OK, first post. Gotta make it good.
Lately I’ve been reading my way through Harold Speed’s book Oil Painting Techniques and Materials (which, by the way, is the most awesome book ever). One interesting point that he makes is that vision as a sense is a much less important than touch is in how we understand objects and the things around us.
Take a wooden box, example. If you’d never seen a box, touching it would give you the best idea of what a box is like. It’s square, and that’s not going to change. On the other hand, when you just look at a box, everything depends on the angle, distance, and so on. So mentally, we tend to categorize objects by how they feel rather than how they would actually look, which is why when people are not trained to draw, they generally draw what’s in front of them in a very diagrammatic way. They’re drawing the touch-based diagram in their mind rather than the visual plane they see.
Also according to Speed, Ancient Egyptian art is a prime example of touch being more dominant as a sense than the others. Egyptian art is mostly concerned with outline, which directly relates to touch, since it equates to the border that you can feel. This also explains the diagrammatic nature of Egyptian art.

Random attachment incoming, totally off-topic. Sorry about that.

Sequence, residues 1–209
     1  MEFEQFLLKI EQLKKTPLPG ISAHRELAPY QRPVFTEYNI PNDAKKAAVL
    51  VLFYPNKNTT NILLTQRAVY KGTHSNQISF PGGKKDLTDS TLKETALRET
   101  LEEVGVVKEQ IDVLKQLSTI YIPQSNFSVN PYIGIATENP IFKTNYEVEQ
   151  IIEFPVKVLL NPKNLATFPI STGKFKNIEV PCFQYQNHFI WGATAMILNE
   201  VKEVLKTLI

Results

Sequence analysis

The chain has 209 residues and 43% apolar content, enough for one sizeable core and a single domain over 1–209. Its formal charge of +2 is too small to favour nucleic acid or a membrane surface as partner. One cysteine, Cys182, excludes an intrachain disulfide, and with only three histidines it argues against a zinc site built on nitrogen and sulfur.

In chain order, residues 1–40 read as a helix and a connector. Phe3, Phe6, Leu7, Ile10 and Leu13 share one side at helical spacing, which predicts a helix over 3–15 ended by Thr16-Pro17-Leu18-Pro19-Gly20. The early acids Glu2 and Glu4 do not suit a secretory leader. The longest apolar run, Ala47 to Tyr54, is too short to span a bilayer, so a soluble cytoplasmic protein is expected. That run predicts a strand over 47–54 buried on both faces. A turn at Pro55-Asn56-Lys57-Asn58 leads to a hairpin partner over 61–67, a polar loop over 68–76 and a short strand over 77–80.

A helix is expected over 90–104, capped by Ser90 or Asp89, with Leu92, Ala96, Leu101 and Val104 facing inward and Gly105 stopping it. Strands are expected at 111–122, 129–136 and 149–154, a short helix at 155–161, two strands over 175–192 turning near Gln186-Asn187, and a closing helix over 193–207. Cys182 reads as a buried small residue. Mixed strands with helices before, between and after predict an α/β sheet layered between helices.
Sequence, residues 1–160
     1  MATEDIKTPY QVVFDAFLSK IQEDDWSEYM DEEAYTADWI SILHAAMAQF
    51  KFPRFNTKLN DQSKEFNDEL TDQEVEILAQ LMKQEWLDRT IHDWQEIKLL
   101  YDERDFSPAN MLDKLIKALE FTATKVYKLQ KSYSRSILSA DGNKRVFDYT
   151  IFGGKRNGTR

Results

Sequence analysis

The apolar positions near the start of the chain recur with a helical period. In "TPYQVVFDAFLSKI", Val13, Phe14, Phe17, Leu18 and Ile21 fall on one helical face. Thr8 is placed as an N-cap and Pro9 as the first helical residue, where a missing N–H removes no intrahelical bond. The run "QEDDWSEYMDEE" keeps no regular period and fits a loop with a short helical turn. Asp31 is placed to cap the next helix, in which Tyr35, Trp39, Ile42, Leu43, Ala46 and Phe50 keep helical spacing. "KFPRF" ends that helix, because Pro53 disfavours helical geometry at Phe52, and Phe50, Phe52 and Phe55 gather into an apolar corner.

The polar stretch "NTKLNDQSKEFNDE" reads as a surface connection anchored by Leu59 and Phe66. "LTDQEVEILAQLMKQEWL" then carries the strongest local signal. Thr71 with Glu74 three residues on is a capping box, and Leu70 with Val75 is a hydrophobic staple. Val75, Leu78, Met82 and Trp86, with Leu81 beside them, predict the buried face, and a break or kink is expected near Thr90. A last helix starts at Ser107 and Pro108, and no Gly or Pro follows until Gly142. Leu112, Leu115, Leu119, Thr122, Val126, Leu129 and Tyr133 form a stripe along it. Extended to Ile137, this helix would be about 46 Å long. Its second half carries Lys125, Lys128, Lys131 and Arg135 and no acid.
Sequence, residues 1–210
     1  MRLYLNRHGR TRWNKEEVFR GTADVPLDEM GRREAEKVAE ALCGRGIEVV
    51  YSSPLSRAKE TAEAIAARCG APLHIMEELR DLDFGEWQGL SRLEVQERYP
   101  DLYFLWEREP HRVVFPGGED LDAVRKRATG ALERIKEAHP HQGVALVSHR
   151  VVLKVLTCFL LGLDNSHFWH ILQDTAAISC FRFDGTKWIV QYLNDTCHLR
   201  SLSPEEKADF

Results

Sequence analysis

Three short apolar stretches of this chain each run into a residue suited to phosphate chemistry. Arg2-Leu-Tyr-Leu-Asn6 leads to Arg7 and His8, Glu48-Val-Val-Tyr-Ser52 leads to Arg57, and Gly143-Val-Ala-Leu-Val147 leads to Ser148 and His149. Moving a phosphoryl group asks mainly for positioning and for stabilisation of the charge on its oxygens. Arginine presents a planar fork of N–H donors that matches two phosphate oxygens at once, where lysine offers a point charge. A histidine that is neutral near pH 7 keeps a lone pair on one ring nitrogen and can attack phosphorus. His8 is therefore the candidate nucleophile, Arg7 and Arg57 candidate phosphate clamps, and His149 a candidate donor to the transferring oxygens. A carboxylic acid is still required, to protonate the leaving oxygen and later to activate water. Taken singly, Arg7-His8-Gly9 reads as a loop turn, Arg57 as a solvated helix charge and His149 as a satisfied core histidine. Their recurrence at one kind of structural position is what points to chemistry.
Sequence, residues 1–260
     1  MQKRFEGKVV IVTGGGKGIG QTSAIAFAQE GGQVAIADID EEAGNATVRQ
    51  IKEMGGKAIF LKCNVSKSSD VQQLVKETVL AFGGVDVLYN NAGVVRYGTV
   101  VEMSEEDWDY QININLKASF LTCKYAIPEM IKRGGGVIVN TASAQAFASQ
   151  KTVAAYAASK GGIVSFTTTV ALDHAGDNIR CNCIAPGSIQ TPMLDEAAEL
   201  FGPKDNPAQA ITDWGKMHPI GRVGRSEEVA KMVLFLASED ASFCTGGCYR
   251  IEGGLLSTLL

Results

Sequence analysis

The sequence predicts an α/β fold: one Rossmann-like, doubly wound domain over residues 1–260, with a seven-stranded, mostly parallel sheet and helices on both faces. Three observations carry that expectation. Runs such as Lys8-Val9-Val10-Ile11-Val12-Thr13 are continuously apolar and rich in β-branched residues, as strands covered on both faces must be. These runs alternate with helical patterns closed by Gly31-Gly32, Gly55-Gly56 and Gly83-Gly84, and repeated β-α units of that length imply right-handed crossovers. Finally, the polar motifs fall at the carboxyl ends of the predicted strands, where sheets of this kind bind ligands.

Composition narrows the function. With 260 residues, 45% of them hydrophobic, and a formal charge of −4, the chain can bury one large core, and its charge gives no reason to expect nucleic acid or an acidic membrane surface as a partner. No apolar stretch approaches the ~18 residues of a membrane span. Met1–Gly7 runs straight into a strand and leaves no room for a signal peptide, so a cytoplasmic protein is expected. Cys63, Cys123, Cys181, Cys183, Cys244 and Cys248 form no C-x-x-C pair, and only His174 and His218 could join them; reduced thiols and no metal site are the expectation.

Greek and other ancient art is also outline-based (think pottery). It took a long time for other elements of drawing and painting to be fully understood.
- My instructor mentioned in my écorché class (anatomical sculpture) that the reason toddlers are always putting things in their mouths is because the lips have a lot of sensation.
- When I think about it, I have an unbearable urge to touch things if I’ve never encountered them before. New textures, shapes, all of that. I hadn’t really noticed before, though.
- I think the importance of touch is why sculpture was such an early art form.